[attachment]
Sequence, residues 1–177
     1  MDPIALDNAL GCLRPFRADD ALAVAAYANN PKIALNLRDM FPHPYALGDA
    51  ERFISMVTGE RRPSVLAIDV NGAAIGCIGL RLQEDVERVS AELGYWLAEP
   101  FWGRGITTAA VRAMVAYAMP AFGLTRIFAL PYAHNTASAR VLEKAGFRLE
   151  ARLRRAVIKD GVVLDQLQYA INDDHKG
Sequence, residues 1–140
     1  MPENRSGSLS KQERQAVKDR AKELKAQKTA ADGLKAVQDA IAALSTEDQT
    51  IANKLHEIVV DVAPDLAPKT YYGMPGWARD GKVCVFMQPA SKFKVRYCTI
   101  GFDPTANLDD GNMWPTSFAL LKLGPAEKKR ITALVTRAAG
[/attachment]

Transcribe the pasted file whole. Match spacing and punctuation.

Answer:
Sequence, residues 1–177
     1  MDPIALDNAL GCLRPFRADD ALAVAAYANN PKIALNLRDM FPHPYALGDA
    51  ERFISMVTGE RRPSVLAIDV NGAAIGCIGL RLQEDVERVS AELGYWLAEP
   101  FWGRGITTAA VRAMVAYAMP AFGLTRIFAL PYAHNTASAR VLEKAGFRLE
   151  ARLRRAVIKD GVVLDQLQYA INDDHKG
Sequence, residues 1–140
     1  MPENRSGSLS KQERQAVKDR AKELKAQKTA ADGLKAVQDA IAALSTEDQT
    51  IANKLHEIVV DVAPDLAPKT YYGMPGWARD GKVCVFMQPA SKFKVRYCTI
   101  GFDPTANLDD GNMWPTSFAL LKLGPAEKKR ITALVTRAAG